It’s Friday and that means it’s time to review the latest economic data and identify which pockets of the economy are heating up and which are slowing down. Don’t worry about catching every headline and every report throughout the week—I recap all of the most important news impacting your wealth right here every Friday. Let’s take a look at this week’s big headlines…
Factory Goods Orders
The Commerce Department reported on Tuesday that factory goods orders fell 3.3% in July, slightly worse than the 3.2% fall that economists predicted and unfortunately marking the largest drop since August 2014. July’s results are a little bit of a slap in the face from June, where orders pushed higher by 3.2%.
The main culprit behind July’s disappointing numbers is a drop in transportation equipment orders, which slid 19% since June. However, on a bright note, orders for nondurable goods, such as fuel, alcohol, and cosmetics, increased 0.4% to $237.4 billion.
Balance of Trade Report
On Wednesday, the Commerce Department announced that the U.S. trade deficit rose 0.3% in July. Peeling back the layers, exports shrank 0.3% to $194.4 billion (down from $194.9 billion in June), and imports shrank 0.2% to $238.1 (down from $238.5 in June). While stronger export and import numbers would have of course been welcome news to all of us, there are several moving pieces to consider.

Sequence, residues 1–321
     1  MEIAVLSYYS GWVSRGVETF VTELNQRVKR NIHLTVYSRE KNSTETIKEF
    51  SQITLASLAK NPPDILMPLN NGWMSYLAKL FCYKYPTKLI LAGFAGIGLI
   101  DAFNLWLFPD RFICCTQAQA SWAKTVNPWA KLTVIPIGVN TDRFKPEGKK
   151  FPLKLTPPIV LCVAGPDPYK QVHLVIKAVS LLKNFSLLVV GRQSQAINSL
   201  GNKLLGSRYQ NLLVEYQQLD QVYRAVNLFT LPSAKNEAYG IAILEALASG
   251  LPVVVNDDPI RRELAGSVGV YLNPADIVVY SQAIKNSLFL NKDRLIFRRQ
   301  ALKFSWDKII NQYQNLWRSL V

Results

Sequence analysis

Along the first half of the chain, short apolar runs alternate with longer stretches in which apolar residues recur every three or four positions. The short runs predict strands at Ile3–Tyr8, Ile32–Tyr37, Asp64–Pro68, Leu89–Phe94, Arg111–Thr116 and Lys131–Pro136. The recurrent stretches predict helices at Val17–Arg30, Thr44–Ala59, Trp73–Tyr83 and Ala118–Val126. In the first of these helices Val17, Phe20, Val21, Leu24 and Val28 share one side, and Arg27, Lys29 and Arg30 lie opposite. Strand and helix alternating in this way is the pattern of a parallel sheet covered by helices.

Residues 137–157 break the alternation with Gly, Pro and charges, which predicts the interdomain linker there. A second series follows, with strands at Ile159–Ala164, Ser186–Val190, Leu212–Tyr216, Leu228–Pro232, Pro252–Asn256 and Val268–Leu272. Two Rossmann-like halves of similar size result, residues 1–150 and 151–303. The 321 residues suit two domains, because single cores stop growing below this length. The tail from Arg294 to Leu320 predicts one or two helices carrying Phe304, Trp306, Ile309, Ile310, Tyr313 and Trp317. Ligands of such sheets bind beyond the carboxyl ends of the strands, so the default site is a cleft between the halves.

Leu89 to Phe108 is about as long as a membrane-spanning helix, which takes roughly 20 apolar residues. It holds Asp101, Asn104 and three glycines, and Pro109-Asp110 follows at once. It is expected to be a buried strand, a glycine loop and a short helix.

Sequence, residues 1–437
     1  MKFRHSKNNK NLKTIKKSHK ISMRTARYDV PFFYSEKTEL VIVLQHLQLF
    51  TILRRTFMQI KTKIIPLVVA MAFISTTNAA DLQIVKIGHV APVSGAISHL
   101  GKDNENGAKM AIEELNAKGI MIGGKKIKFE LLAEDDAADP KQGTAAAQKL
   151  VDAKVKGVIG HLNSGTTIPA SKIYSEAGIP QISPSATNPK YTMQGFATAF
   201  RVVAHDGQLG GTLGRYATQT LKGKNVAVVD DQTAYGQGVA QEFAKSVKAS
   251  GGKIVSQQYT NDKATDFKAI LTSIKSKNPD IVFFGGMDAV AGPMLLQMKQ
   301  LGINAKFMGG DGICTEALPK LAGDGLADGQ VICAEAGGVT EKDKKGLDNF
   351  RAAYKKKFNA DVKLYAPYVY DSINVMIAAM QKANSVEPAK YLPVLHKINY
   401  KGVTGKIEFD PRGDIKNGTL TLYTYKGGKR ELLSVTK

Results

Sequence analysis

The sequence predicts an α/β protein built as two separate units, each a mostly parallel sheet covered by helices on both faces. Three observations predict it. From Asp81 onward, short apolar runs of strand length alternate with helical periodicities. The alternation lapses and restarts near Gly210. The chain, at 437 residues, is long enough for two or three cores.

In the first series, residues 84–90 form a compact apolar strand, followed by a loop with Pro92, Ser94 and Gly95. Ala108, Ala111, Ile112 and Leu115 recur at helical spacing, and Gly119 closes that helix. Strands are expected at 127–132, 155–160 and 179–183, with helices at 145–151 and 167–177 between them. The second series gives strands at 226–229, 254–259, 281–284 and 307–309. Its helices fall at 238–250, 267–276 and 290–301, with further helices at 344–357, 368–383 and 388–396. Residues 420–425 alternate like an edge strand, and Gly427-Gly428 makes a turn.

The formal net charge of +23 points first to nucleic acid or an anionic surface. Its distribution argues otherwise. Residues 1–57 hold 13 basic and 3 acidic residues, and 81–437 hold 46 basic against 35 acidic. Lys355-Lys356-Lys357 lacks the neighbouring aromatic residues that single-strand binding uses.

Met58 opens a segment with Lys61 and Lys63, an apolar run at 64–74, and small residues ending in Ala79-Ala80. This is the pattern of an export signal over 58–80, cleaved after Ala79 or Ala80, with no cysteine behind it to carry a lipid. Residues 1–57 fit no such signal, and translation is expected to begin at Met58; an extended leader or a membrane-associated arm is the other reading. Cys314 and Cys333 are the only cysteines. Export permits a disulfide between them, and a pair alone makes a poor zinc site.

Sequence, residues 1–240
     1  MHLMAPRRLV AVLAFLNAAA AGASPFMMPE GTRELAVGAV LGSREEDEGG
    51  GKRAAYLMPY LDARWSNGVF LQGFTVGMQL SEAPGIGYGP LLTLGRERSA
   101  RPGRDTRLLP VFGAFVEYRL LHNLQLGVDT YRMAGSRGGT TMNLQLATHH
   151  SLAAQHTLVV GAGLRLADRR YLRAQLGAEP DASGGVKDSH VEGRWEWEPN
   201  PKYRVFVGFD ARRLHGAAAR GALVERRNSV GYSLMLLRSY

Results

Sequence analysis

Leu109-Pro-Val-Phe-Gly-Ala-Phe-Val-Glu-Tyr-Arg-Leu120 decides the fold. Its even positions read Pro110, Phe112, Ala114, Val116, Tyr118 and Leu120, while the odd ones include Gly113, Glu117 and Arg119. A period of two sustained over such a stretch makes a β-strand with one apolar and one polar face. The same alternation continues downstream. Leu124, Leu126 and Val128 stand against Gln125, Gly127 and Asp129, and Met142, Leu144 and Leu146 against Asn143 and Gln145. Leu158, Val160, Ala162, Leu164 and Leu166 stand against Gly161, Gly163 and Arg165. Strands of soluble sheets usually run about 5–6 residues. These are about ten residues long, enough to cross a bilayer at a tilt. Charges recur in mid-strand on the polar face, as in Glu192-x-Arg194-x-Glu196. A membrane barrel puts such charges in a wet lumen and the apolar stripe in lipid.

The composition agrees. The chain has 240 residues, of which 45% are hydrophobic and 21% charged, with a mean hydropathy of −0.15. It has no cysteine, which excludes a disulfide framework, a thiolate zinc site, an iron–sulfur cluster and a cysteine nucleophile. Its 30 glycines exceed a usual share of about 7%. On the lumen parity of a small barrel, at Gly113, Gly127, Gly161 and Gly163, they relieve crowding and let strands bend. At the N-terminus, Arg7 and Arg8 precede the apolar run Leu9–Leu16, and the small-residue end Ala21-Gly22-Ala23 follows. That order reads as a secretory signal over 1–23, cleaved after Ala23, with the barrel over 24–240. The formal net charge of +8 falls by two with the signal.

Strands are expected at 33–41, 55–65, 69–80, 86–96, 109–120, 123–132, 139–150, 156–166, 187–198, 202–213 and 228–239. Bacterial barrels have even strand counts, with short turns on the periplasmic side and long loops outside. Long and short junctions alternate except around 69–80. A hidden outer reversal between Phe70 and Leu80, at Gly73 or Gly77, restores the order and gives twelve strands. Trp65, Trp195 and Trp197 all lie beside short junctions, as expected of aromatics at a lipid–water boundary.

The $43.7 billion trade deficit increased slightly less than economists’ expectations of $44.6 billion and could actually signal more economic growth for the third quarter. On the other hand, given the still-unfolding fallout from the devastation of Hurricane Harvey, we shouldn’t be too surprised if the trade gap ticks up further in next month’s release. Notably, the country’s trade gap with China reached an 11-month high.
Friday’s wholesale inventories report from the Commerce Department was mixed. Inventories rose 0.6% in July, higher than initial estimates and matching the rise seen in June. Meanwhile, July sales trickled down 0.1%, leaving a slight imbalance and signaling that more time than average would be needed for wholesalers to clear their shelves. At this current pace, wholesalers have a 1.30 month supply — up just an inch from the 1.29 month ratio in June. Industry observers believe that demand for vehicles and other goods have a pretty decent chance of ramping up as businesses in storm-ravaged states start to replace automobiles and restock other important products.
In closing, I want everyone, particularly those in Florida and the surrounding states, to prepare and stay safe and sound as Hurricane Irma prepares to potentially touch ground in the region. That’s all I have for you this week. I’ll be in touch again next week with the latest ratings updates out of Portfolio Grader.
Have a great weekend,